Wednesday, 22 July 2015

Climate Change - Volcanoes

Many people think volcanoes produce more carbon dioxide than humans.

In fact, volcanoes produce far less carbon dioxide than humans.

Geologists have checked this problem very carefully.

This chart compares the average yearly production of carbon dioxide by human activities and volcanoes......

This information comes from the United States Geological Survey.

Very large volcanic eruptions do affect global temperatures for a year or two.

The second-largest volcanic eruption of the 20th century occurred at Mount Pinatubo in the Philippines on June 15, 1991.

The volcano exploded in a cataclysmic eruption that ejected more than 5 cubic kilometres of material. 

The ash cloud from this eruption rose 35 kilometres into the air.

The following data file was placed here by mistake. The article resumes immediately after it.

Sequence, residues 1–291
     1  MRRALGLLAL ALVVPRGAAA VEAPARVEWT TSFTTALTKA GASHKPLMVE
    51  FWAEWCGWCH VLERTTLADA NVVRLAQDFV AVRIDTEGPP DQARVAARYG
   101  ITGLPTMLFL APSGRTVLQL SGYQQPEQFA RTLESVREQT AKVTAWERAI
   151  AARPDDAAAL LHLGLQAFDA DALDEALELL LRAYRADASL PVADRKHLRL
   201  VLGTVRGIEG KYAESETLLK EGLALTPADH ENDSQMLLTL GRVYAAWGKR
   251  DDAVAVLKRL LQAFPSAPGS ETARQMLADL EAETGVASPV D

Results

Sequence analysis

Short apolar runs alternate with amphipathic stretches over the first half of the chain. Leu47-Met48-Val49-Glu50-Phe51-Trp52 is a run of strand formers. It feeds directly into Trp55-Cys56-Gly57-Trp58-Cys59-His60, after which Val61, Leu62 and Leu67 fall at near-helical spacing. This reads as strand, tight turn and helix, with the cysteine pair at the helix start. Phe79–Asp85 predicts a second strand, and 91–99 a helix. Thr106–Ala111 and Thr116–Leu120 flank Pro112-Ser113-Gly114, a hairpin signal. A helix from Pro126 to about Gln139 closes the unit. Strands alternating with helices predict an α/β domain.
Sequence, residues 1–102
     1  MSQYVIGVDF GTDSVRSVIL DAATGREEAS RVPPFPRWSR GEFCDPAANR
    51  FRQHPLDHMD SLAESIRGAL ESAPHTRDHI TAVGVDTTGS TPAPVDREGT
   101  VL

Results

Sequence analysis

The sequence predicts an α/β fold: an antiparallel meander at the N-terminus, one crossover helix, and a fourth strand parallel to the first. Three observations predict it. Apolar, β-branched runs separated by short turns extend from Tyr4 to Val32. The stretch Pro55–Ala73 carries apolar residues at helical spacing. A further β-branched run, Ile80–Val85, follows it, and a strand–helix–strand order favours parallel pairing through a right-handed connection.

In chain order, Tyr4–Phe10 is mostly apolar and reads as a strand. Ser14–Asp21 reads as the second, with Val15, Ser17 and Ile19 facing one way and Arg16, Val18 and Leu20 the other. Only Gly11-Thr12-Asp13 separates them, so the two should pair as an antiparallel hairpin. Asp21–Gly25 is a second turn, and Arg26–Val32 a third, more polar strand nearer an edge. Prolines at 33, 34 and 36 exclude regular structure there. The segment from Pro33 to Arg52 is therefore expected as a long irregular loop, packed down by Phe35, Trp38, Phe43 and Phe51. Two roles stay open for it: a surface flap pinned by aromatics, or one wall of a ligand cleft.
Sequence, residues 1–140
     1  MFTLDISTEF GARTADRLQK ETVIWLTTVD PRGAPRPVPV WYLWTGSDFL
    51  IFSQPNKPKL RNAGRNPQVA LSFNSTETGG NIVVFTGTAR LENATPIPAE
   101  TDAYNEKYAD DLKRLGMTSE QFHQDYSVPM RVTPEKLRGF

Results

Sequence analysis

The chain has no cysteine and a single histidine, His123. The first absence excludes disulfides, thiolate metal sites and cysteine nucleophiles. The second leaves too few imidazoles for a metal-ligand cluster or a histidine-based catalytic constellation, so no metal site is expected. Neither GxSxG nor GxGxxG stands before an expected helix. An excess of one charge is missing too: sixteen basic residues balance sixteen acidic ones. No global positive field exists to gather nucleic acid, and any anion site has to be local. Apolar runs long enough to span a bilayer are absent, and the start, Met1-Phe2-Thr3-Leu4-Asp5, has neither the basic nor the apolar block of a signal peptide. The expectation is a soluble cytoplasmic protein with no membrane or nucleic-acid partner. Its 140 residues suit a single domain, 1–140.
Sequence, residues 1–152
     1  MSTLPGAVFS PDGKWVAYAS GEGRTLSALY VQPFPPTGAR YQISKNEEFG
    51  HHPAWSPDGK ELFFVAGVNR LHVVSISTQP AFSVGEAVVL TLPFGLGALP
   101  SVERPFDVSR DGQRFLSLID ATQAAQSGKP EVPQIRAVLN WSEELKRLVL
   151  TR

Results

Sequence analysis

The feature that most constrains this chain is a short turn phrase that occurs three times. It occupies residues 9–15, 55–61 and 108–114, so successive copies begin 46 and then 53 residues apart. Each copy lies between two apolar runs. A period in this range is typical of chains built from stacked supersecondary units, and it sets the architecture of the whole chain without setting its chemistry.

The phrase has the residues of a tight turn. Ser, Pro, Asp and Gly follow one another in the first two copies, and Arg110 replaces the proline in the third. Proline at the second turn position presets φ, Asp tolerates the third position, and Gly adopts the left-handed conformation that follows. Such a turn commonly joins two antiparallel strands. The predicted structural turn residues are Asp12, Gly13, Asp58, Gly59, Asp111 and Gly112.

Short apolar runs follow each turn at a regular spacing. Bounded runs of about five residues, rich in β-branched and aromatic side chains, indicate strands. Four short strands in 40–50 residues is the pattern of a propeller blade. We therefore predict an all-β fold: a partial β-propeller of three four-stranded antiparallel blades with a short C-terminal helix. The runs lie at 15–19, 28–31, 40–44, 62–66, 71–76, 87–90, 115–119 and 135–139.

Nearly 20 million tons of sulphur dioxide were injected into the stratosphere in Pinatubo's 1991 eruptions.

Dispersal of this gas cloud around the world caused global temperatures to drop temporarily (1991 through 1993) by about 0.5°C.

In 1815,  Mount Tamboraan enormous volcano on a remote island in the Indian Ocean, erupted and threw enormous amounts of volcanic ash into the upper atmosphere.

The weather in 1816 was unprecedented. 

Spring arrived, but then everything seemed to turn backward, as cold temperatures returned. 

The sky seemed permanently overcast. 

1816 became known as "The year without a summer".

The lack of sunlight became so severe that farmers lost their crops.

Food shortages were reported in Ireland, France, England, and the United States.

The Year Without a Summer

It was over 100 years before anyone understood the reason for this weather disaster.

New research shows that volcanic events over the last 2,500 years can be linked to short periods of global cooling.

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